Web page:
Tuesday, September 17, 2013

Curly Tailed Property Managers

Yesterday, from my 2nd floor office window, I watched a curly tail lizard chase a squirrel ten times his size up the wall of the neighboring building. The squirrel and the lizard locked in a stare-down until the squirrel realized he was much bigger and jumped back to the ground. The lizard immediately charged and the squirrel freaked out. With this strange adversary underfoot, the squirrel began bouncing like a gazelle while the lizard darted back and forth underneath trying to get a mouthful every time the squirrel touched down. The squirrel eventually escaped undamaged except for a brand new phobia and the lizard strutted back into the parking lot. He is patrolling as I write this. That's him pictured.

Condo owners, you too may have a feisty little adversary hiding in the shadows waiting to attack when you try to sell or lease your unit. That human curly tail might be disguised as the condo association's property manager. Most associations have an approval process for tenants which is often handled by the management company. When a unit is sold, an estoppel letter, copies of insurance policies and other documentation is required. These, too, are often provided by the management company. Some management companies are helpful partners in the selling or renting process but they can sometimes be a frustrating impediment.

I've run into bad property managers twice in the last couple of months. First was when a client tried to lease his unit and the condo's property manager made crazy, illogical attempts to block the lease. I found out that she has a well-earned reputation for being difficult. I will be warning potential buyers in this complex about the problems they may face if they think they want to own there.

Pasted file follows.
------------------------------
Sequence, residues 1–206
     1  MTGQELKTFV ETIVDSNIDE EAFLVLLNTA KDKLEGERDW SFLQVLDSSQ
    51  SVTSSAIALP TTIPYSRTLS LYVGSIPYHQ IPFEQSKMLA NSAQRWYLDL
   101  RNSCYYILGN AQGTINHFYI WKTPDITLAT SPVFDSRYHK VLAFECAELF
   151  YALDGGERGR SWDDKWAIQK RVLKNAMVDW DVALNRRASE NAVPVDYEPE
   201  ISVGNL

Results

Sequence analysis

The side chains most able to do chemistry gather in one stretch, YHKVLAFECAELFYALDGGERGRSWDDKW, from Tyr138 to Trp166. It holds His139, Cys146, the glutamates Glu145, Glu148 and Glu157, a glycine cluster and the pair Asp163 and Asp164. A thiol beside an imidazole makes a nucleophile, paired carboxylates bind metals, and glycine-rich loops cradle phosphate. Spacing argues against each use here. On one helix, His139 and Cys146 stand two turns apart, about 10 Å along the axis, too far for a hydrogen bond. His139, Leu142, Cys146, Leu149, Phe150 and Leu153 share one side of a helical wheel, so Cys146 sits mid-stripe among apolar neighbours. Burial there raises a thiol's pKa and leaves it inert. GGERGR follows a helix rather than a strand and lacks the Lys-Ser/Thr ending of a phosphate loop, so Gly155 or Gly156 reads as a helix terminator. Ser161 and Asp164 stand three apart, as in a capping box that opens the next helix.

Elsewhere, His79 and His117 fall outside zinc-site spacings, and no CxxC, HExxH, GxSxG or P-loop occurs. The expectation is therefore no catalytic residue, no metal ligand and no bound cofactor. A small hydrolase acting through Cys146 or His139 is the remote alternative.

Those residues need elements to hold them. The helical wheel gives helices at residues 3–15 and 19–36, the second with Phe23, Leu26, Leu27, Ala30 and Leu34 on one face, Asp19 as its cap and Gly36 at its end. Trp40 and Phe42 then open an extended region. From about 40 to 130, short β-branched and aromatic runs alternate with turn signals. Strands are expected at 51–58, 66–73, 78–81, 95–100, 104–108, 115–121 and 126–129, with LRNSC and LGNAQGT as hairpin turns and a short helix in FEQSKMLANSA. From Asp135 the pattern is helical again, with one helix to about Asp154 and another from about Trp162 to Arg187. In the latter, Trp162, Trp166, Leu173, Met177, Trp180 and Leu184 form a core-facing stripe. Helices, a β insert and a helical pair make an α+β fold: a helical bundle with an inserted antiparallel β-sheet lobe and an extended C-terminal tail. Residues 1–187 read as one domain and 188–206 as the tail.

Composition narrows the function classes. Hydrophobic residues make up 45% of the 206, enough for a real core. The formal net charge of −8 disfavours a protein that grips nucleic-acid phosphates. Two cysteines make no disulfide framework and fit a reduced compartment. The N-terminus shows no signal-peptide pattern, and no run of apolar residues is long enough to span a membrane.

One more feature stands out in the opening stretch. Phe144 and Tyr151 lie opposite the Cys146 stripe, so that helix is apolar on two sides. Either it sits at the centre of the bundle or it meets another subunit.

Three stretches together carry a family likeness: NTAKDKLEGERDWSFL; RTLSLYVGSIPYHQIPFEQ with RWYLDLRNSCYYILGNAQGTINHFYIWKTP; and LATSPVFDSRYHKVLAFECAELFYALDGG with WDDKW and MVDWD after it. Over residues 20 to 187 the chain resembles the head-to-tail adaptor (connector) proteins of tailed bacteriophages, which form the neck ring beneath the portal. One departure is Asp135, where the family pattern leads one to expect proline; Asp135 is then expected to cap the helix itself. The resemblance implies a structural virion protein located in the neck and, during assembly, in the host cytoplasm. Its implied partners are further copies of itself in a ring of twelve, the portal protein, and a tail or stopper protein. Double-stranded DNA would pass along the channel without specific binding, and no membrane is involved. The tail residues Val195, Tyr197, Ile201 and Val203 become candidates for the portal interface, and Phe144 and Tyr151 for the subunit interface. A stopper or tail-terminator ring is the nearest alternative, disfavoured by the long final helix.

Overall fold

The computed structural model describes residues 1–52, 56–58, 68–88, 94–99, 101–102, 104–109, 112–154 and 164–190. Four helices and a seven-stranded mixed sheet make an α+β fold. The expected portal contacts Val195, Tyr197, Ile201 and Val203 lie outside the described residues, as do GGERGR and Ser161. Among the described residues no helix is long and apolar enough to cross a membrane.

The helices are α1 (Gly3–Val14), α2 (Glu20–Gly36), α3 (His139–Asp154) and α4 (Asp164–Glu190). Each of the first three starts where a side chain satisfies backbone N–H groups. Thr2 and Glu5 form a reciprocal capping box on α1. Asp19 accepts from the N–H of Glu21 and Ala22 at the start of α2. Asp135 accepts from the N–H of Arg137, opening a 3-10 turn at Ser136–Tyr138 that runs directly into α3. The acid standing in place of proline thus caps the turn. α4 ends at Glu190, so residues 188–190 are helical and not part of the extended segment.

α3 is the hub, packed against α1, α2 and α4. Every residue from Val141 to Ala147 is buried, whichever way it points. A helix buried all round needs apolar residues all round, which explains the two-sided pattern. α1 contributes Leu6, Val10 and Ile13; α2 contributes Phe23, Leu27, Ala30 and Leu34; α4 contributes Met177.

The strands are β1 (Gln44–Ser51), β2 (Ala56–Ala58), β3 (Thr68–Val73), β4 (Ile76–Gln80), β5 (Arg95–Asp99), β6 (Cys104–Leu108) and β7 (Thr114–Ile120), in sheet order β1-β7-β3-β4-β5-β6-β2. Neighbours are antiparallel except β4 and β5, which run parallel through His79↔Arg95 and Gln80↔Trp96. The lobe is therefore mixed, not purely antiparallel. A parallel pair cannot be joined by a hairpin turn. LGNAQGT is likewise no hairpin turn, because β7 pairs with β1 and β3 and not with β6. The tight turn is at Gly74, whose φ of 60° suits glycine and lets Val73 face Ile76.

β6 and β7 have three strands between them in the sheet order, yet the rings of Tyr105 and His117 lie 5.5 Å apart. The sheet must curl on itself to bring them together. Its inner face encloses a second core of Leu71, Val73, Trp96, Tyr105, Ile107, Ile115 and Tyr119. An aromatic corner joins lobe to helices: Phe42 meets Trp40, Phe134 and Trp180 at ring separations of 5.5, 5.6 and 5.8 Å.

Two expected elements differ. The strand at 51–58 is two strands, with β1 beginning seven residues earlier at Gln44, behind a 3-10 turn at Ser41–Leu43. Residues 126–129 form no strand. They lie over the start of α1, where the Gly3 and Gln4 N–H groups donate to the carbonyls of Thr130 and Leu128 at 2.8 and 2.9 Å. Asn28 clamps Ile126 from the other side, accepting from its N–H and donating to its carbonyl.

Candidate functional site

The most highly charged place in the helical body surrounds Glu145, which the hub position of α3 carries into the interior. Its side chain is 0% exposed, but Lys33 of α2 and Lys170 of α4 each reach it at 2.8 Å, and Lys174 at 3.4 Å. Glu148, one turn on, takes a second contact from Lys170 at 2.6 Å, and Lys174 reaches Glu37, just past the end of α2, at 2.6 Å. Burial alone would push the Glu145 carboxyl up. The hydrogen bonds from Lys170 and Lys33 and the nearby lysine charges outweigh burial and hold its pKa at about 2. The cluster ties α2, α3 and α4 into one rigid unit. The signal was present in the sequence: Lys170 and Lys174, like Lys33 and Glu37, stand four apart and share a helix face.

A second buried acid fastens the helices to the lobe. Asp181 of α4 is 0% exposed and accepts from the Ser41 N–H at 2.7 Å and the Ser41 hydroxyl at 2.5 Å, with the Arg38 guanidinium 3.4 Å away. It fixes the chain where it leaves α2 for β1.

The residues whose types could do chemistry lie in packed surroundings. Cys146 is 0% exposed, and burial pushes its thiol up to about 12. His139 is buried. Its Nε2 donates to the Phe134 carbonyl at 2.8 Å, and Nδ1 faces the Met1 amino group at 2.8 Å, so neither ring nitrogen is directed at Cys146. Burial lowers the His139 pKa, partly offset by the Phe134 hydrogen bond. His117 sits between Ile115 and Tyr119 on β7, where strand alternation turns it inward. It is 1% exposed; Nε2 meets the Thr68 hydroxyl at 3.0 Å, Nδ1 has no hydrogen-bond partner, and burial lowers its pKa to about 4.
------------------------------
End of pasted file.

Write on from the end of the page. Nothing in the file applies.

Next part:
I ran into the same property manager last week when a client was closing on a luxury oceanfront condo in Cocoa Beach. The buyer's lender required some insurance documentation and was referred to the manager for it. Ms. Happy blew up on the processor and refused to produce the documents in a rather flamboyant manner. The loan officer described her as "bitchy" and asked for my help. Unlike the squirrel, I chose to remain perched safely out of her reach and made calls to a Board member to see if I could round up the docs without her involvement. He was happy to hand over the required documents and the sale closed. Had I been unable to contact a Board member, the unit would not have closed. I'm guessing/hoping someone's contract might not be renewed.

It would be prudent for all condo owners to pay attention to feedback from agents and fellow owners about experiences with the management company or even to do an anonymous request for documents. Boards and unit owners are often unaware of their manager's manner of responding to requests from lenders and buyer's agents. I'm guessing that most owners in the two complexes I've mentioned would be outraged to know how their manager is working against them. Association managers do more than handle meetings, enforce restrictions, collect assessments, reports and maintenance. If their people skills are bad, their great skills at the other stuff doesn't matter. There are too many helpful, professional property/association mangers good at all aspects of the job to put up with one who is sometimes working against the owners' best interests. For the record, so no innocent association manager is suspected, this bad one is not in Cocoa Beach or Cape Canaveral.

"Reality is one honey badger. It don’t care. About you, about your thoughts, about your needs, about your beliefs. You can reject reality and substitute your own, but reality will roll on, eventually crushing you even as you refuse to dodge it. The best you can hope for is to play by reality’s rules and use them to your benefit."
_____Mark Crislip